On October 19, the European Council of its 27 member states appointed Claudia Buch as chair of the supervisory board of the European Central Bank, one of the world’s premier global financial institutions.
Buch will take over leadership of ECB Banking Supervision on January 1, 2024, from Andrea Enria, who has held the post since 2018. Her appointment comes at a challenging juncture, as central banks globally tighten monetary policy to combat inflation. On the crypto front, however, she faces implementing new banking standards during a time of general skepticism toward crypto markets. But what does her appointment mean for digital assets?
Claudia Buch brings decades of economic and policy expertise to her new role leading the ECB’s banking supervision arm. After obtaining her PhD in economics from the University of Kiel in 1996, she steadily rose through the ranks of German academic and research institutions.
Buch spent over a decade spearheading financial markets research at the renowned Kiel Institute for the World Economy before moving into central banking at the Deutsche Bundesbank in 2014. Known for her rigorous analysis, Buch has led key working groups on regulation for the Financial Stability Board and Basel Committee.
In an address to the Bank of International Settlements on April 20, Claudia Buch outlined a moderate and cautious approach to regulating cryptocurrencies.
Speaking at an event in Hohenheim, Buch argued that “risks inherent in crypto-asset markets require preventive regulation.” She warned that “even seemingly small pockets of distress can breed financial crises,” pointing to the subprime mortgage bubble that triggered the 2008 global financial crisis.
While acknowledging that crypto-assets “promise more innovative ways of providing financial services,” Buch stressed that they also entail similar risks as traditional finance, including “high market concentration, complexity, common exposures and high operational risk.”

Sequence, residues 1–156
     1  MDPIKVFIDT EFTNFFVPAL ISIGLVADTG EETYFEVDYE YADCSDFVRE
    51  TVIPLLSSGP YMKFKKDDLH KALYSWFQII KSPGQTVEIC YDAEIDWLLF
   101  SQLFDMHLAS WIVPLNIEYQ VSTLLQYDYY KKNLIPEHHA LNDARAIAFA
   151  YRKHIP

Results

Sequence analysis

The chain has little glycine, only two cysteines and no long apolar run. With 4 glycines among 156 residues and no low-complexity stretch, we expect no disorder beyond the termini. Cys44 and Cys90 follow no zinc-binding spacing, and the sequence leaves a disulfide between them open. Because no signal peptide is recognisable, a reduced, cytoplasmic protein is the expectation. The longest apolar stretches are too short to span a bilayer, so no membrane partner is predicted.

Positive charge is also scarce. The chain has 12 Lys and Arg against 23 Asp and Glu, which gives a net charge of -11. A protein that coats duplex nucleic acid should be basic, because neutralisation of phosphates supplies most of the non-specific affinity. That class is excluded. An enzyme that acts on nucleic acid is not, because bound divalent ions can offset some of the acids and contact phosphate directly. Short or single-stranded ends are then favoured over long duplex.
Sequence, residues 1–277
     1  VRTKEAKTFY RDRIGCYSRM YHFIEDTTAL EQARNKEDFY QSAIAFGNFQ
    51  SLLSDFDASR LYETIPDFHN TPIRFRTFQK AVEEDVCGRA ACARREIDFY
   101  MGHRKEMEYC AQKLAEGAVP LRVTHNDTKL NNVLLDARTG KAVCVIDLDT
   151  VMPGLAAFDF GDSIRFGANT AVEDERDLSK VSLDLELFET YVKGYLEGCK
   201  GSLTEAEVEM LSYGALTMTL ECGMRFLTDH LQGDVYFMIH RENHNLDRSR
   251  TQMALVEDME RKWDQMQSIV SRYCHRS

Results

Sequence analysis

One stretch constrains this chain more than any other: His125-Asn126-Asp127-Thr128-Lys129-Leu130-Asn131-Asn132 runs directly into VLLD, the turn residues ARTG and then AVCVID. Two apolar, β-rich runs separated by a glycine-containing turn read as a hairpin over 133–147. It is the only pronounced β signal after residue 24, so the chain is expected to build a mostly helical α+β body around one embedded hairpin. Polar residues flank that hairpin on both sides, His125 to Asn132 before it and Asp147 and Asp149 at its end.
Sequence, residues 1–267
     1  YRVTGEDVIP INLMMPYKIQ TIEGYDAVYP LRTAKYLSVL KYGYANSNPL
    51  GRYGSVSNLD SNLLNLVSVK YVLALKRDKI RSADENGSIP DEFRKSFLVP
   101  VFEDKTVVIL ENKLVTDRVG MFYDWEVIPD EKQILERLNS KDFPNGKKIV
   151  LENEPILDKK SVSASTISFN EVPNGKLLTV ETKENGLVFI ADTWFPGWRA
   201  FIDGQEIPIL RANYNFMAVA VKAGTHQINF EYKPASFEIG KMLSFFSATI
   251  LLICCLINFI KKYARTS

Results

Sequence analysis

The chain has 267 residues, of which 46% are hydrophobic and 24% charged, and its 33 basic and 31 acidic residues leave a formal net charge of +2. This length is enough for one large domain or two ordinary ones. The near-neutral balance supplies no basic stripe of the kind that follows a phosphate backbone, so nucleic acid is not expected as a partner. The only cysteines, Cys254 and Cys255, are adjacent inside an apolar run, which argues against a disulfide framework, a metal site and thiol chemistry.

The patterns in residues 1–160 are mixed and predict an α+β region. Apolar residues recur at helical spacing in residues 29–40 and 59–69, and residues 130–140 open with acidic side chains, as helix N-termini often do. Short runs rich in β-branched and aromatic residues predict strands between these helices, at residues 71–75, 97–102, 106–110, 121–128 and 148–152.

Buch highlighted leverage as a key vulnerability. “High leverage is a risk for financial stability – in traditional finance as well as in crypto-asset markets,” she said. She cited the collapse of major crypto platforms like TerraUSD and FTX as examples of how leverage can propagate shocks.
The incoming ECB supervisor called for improved monitoring and reporting standards for crypto-asset providers to enable oversight of risks. She advocated for “minimum reporting standards” and limits on regulatory arbitrage across jurisdictions.
“Good regulation needs to err on the side of caution,” Buch stated. “The first line of defense against innovation that does more harm than good is informed consumers of financial services and strong consumer protection.”
The current Vice President of the Bundesbank has taken a relatively moderate stance on digital assets for years. Back in 2018, when crypto’s market cap was approximately 27% of what it is now, according to CoinGecko , the German economist warned against apocalyptic prophecies.
“I don’t see a threat for financial stability at the moment as the speculations are generally not financed with loans and the relevant markets are rather small,” she said in March 2018.
Although, things have changed immeasurably since then.
Buch’s consumer-protection-first stance is unsurprising for an economist, academic and public servant. So far, so middle-of-the-road.
As chair of the ECB’s supervisory board, Buch will lead banking supervision for the eurozone, ensuring financial stability and compliance with prudential regulation. This powerful position entails oversight of around 120 major European banks, with some of the biggest in the world under her remit.
Given Buch’s background as an economist focused on financial stability and her moderate take on crypto assets, she is likely to take a cautious, risk-averse approach. While open to financial innovation, she will likely emphasize preventive policies to limit threats to stability. In practice, this will mean pushing through conservative limits on banks’ exposure to crypto.
The European Union is set to pass the Basel Standards on crypto and banking into law by Janaury 1, 2025. Among other things, the Basel Standards set a limit of 1% of core equity assets for banks’ aggregate exposure to Group 2 cryptoassets like Bitcoin, with a hard cap of 2%. Exceeding 1% triggers stricter capital requirements.
It is unlikely Buch will push against these measures. Her priority will be safeguarding stability, not unleashing crypto finance.